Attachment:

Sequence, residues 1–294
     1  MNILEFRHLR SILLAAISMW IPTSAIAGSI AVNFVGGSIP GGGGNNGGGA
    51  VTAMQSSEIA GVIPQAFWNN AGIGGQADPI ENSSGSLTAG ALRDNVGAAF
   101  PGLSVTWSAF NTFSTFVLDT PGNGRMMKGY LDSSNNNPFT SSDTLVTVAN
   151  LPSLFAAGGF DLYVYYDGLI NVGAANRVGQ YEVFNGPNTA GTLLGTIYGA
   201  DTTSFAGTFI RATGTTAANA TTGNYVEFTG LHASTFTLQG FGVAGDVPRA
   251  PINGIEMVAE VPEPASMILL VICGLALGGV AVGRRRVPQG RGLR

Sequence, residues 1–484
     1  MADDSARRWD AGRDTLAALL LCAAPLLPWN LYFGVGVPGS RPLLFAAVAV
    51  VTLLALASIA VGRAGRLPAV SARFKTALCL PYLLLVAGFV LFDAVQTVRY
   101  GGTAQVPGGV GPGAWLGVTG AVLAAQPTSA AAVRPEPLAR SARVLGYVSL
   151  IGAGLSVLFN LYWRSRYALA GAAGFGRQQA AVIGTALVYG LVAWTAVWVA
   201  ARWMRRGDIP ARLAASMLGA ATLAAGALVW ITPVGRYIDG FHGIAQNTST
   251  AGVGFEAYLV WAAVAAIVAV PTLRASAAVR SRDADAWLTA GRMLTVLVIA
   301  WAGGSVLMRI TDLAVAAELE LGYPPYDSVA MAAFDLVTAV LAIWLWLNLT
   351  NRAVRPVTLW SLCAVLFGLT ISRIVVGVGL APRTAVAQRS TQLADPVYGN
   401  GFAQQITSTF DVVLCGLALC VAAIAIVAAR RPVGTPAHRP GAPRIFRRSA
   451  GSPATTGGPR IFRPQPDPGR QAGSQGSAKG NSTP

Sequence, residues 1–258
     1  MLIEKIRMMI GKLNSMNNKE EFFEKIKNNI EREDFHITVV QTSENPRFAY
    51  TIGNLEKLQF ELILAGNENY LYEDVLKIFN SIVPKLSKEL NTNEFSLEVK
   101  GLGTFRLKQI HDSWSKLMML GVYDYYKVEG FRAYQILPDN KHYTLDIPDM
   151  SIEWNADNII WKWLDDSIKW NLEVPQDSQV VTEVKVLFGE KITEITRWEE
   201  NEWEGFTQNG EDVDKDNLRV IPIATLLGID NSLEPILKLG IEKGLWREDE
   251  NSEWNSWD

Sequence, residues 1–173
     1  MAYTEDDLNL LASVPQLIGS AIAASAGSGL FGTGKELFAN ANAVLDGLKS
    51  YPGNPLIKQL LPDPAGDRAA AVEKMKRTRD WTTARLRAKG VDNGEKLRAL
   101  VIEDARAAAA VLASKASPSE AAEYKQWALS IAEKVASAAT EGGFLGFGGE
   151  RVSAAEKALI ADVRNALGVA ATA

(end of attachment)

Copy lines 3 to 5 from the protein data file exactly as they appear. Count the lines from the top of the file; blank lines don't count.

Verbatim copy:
    51  VTAMQSSEIA GVIPQAFWNN AGIGGQADPI ENSSGSLTAG ALRDNVGAAF
   101  PGLSVTWSAF NTFSTFVLDT PGNGRMMKGY LDSSNNNPFT SSDTLVTVAN
   151  LPSLFAAGGF DLYVYYDGLI NVGAANRVGQ YEVFNGPNTA GTLLGTIYGA